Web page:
Example 1: Annual Calculation Money is invested at 6% per annum interest. How long will it take the investment to double if the interest is compounded anually. Solution Use the compound interest formula, A(t) = P(1 + i)^{n}. In this question, i = 6% = 0.06. Because the interest is compounded annually, n = t. A(t) = P(1.06)^{t} When the original amount doubles, A(t) = 2P. Because the interest is calculated annually, the time must be rounded up to 12 years. Therefore, it will take 12 years for the amount to at least double in value. 
Example 2: Monthly Calculation Money is invested at 6% per annum interest. How long will it take the investment to double if the interest is compounded monthly. Solution Use the compound interest formula, A(t) = P(1 + i)^{n}. Because the interest is calculated monthly, the rate per period is Because the interest is compounded monthly, there are 12t, interest periods in t years. Therefore, n = 12t. A(t) = P(1.005)^{12t}When the original amount doubles, A(t) = 2P. 0.6 years × 12 months/year = 7.2 months Because interest is calculated monthly, it will take 11 years 8 months for the original investment to double. 
Example 3: Semiannual Calculation Mark invests $500 at a annual rate of 10% compounded semiannually. How long will it take the investment to double? Solution Method 1: A(t) = P(1 + i)^{n} 1000 = 500(1 + 0.10/2)^{}^{n} 2 = (1 + 0.05)^{}^{n} log 2 = log 1.05^{n} log 2 = n log 1.05 n = log 2 14.2 Method 2: 1000 = 500(1 + 0.10/2)^{}^{n} Graph both sides of the equation on your graphing caluclator. Use the intersect feature to determine the value of n. n 14.2 Mark's investment will double in approximately 14 interest periods. Each period is half a year, so the time would be approximately 7 years.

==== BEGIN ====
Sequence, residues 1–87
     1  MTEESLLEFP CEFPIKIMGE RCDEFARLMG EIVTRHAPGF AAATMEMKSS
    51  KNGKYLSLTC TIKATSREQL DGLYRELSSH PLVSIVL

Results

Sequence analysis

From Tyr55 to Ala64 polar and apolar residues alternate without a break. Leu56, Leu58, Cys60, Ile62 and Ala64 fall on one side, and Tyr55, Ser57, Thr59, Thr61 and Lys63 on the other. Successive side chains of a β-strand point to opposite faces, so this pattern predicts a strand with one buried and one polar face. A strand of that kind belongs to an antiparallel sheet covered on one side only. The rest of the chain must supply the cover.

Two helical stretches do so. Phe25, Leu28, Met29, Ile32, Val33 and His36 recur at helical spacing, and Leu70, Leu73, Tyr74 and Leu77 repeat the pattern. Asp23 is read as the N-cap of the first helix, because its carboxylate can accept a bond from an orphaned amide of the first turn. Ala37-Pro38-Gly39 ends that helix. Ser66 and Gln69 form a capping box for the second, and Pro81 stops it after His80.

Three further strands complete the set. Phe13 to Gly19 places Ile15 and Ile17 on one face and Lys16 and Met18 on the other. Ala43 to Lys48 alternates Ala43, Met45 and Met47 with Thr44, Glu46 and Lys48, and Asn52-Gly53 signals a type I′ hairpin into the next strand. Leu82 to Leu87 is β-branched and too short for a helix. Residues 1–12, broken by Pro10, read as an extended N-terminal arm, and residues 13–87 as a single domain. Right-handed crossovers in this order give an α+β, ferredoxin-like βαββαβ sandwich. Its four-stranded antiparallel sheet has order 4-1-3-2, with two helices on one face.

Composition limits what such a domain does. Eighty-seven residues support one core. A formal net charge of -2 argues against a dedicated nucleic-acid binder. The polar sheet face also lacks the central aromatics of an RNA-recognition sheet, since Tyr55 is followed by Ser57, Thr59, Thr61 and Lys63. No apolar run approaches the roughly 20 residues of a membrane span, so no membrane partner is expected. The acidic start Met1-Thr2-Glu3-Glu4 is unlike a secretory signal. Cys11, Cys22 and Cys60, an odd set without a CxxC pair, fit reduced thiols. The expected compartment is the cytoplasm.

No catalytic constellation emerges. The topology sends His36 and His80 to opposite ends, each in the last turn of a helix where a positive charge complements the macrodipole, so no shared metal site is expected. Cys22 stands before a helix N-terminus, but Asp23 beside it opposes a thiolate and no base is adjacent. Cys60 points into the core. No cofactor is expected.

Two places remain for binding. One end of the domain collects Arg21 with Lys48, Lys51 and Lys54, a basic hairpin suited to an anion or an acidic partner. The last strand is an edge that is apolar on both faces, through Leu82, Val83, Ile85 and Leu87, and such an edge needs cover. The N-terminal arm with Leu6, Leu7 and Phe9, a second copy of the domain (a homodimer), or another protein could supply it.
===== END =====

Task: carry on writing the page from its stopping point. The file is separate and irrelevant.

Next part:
Example 1 Mark is putting money aside for a trip to Africa in 5 years. He estimates the trip will cost $8000. If he can invest his money at 12% per year, compounded quarterly, how much must he invest now to reach his goal? Solution i = 12% = 0.03, A = $8000, n = 5 · 4 = 20 A = P(1 + i)^{n}

Example 2
Solution

Example 1 A $3000 computer depreciates at a rate of 30% annually. What is the value of the computer after 4 years. Solution Because the annual depreciation is 30%, the value of the computer is 70% of the previous year’s value. Therefore, the value of the computer each year is as follows: Method 1 At the end of the first year, the computer is worth
Method 2 After 4 years, Revenue Canada would assign a value of $720.30 to the computer. 
Example 2 A car that initially costs $32 000 depreciates at the rate of 15% each year. What is the value of the car after 3 years to the nearest dollar? Solution
A = A_{o}(1 + i)^{n} A = 32 000_{}(1 + (0.15))^{3} = 32 000_{}(1  0.15)^{3} = 32 000_{}(0.85)^{3} = $19 652.00^{} The value of the car at the end of 3 years will be $19 652.00^{}. 
Parts of this work has been adapted from a Math 30 Pure learning resource originally produced and owned by Alberta Education
Math 30P Exponents Logarithms Sequences Series Regression/Recursive Interest Growth Richter/PH Prerequisite Skills